(Libourne, France, 1857 - 1927, Paris, France)
Copyright restrictions may apply. There are no known restrictions for photographs by Eugene Atget that were published by Berenice Abbott in 1956. The Library of Congress has been unable to ascertain who owns the rights to these images. Commerce Graphics asserts that it holds Berenice Abbott's copyrights, but they do not claim the rights for this portfolio. The Museum of Modern Art, which owns Atget's negatives, reports that Atget had no heirs and believes that any rights may have expired.
The Fraenkel Gallery in San Francisco may hold rights to select works.
ULAN: Eugène Atget was born into a period of cultural flux. The city of Paris had changed dramatically from the agglomerative walled city to the expansive plan executed by Baron Georges Haussmann under the auspices of Emperor Napolean III. The reconstruction begun at mid-century was finally completed in the 1870's. Pockets of the older city remained intact, and Atget concentrated his photographic efforts on these sites. Although modernized Paris slips into the frame in some cases, Atget turned his back on the newly created urban monuments such as the Eiffel Tower and the Paris Opera, and also ignored the broad Parisian boulevards as subject matter. Instead, he appointed himself to the task of continuing the photographic topographical surveys begun in previous decades. These earlier projects had been government directed, but Atget assumed the role of surveyor using the "Guide practique a travers le vieux Paris" as his navigator. Ultimately, he sold large numbers of photographs to the same museums and libraries which housed the preceding topographical documentation. Atget's other clients included painters, printmakers, architects, designers, stonecarvers, metalworkers, art schools, and private collectors, amassing information on the Paris of an earlier era. Often a particualr photograph would appeal to more than one type of patron. The craft of the fine art photographic print was not important, as evidenced by the intrusion of the negative holder marking the edges of so many of his photographs or the corner vignetting resulting from his use of a rectilinear lens.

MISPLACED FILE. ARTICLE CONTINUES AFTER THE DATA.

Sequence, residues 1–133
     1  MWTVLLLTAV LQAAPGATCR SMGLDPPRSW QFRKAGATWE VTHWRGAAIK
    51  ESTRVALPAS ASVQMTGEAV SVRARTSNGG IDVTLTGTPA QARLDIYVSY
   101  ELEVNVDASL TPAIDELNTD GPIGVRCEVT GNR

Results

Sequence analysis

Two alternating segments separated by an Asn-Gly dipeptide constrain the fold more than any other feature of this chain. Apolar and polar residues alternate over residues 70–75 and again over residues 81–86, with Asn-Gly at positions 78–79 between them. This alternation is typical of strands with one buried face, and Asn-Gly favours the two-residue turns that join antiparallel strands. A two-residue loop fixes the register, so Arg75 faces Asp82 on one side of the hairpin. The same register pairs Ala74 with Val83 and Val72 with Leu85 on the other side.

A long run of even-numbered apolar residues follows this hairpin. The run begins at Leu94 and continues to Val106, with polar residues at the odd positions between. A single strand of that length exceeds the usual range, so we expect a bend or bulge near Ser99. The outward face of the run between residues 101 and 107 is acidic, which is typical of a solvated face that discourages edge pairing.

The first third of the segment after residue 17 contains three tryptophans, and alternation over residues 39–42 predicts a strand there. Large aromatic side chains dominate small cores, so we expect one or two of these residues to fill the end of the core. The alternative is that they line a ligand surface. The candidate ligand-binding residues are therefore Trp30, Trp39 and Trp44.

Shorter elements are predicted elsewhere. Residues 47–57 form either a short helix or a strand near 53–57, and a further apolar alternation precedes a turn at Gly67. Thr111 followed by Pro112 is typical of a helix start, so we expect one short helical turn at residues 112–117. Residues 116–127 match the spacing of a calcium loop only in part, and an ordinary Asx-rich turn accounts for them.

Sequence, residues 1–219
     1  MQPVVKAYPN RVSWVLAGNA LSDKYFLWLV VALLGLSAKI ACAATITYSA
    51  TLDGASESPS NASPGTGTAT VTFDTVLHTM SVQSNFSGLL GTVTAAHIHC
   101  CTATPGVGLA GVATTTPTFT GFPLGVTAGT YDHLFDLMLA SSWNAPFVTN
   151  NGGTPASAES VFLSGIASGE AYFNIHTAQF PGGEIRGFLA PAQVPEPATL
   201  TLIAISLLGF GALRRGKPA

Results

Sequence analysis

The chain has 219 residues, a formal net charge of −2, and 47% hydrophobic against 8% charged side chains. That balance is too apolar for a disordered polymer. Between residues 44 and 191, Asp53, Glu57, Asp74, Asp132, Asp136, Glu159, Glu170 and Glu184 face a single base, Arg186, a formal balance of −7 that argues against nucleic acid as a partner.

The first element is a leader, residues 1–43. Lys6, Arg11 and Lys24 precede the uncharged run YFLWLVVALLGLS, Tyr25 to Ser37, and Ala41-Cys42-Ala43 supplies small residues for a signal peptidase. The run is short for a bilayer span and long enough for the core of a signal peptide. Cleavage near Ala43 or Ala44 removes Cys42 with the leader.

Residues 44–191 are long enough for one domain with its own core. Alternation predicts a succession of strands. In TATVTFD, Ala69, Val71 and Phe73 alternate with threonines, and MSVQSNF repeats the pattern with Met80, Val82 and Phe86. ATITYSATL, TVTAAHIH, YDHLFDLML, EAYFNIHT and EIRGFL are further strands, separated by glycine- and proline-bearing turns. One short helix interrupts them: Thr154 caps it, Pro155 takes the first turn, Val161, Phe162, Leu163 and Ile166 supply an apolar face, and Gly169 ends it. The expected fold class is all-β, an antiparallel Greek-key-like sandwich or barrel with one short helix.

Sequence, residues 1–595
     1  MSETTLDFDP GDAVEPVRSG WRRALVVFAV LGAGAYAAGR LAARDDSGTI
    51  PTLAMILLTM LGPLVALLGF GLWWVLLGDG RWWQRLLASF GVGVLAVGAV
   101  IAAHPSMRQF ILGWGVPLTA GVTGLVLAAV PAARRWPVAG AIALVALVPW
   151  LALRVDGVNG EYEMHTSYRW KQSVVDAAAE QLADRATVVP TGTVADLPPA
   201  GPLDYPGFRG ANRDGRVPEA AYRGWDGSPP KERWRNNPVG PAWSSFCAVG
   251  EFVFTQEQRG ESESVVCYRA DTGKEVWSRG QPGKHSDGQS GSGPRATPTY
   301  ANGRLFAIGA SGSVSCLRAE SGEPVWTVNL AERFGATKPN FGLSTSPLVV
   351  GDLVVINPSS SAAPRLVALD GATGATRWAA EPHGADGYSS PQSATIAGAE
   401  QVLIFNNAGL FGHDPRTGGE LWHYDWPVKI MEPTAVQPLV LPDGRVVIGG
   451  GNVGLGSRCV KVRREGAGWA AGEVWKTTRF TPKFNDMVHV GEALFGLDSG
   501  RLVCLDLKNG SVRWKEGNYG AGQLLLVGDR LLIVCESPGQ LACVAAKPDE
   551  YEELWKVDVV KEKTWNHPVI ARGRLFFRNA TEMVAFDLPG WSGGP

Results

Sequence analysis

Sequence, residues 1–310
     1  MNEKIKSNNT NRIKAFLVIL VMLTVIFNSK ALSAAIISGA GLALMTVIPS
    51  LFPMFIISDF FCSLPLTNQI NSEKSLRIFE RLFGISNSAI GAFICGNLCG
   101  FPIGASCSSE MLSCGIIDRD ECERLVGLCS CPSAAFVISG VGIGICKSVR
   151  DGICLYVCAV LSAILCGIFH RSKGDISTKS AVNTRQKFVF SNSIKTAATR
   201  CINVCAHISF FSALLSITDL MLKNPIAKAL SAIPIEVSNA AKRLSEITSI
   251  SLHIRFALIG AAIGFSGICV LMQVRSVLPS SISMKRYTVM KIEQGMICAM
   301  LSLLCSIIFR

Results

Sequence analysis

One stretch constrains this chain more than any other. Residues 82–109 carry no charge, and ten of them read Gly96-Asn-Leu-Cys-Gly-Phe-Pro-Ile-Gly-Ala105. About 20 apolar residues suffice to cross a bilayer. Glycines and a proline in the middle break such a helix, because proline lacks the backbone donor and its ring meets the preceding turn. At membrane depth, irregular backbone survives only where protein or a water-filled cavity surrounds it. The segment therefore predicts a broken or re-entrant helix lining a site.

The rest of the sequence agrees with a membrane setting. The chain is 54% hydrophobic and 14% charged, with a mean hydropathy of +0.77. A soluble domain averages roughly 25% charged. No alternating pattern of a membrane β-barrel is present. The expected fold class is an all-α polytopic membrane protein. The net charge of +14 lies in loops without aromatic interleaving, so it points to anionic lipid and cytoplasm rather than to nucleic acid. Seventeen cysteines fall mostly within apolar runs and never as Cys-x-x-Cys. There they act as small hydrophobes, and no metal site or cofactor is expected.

Although, some of his images have been co-opted by modernist photography because of their oblique viewpoints, chance juxtapositions, and often poetic austerity, the issue of creating documents that convey information is Eugène Atget's central thesis. Atget devised a complicated filing system of subject-matter classifications to catalog his eight thousand negatives. Exhibited on these walls are represented a few of the thirteen categories: Landscape-Documents, Picturesque Paris, Art of Old Paris, Environs, and Interiors. The placement of these works on the museum walls sequenced by category and not formal similarities provides yet another context for viewing Atget's work. --Cheryl Regan, 1989-1990 McIntire-Bayly Fellow
ULAN Note: Atget took up commercial photography in the late 1880s after a few failed attempts as a painter and an actor. He made a living primarily as a documentary photographer - using his camera to record the architecture of 'Old Paris' as well as France' popular culture. Although he focused primarily on photography's ability to be a neutral recording device, some of his photographs from this earlier period reveal a more artistic endeavor. By 1920, Atget's photography had turned almost entirely toward a more suggestive and innovative approach to the medium. It is these photographs, taken from 1920 until his death, whose ability to transform the ordinary' into art earned Atget a name with the Surrealists and a place in the history of photography after his death. French photographer.
Some information from Getty's Union List of Artist Names ® (ULAN)